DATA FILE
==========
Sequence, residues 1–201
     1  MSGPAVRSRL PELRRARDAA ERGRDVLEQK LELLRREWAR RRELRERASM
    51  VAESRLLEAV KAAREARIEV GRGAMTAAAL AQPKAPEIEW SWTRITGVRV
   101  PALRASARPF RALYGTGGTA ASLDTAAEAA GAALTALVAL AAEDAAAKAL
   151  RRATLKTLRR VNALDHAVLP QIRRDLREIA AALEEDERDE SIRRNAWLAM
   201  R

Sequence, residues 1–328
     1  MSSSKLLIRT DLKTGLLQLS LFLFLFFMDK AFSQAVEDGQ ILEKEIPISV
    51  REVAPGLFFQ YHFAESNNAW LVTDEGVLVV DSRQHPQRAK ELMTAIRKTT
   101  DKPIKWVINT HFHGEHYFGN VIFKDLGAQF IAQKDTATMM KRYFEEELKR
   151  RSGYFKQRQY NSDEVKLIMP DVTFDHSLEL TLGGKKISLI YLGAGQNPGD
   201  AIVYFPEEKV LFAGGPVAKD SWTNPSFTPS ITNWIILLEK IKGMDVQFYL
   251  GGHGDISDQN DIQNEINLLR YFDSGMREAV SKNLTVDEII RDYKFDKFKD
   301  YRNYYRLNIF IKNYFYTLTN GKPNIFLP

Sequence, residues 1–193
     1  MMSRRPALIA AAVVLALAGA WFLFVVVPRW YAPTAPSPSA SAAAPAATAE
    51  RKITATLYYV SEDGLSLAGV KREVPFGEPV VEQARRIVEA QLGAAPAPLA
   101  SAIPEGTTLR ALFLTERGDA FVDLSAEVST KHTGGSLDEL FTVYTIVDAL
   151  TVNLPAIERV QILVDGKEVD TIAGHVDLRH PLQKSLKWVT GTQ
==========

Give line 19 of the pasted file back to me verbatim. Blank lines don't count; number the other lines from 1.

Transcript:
   151  TVNLPAIERV QILVDGKEVD TIAGHVDLRH PLQKSLKWVT GTQ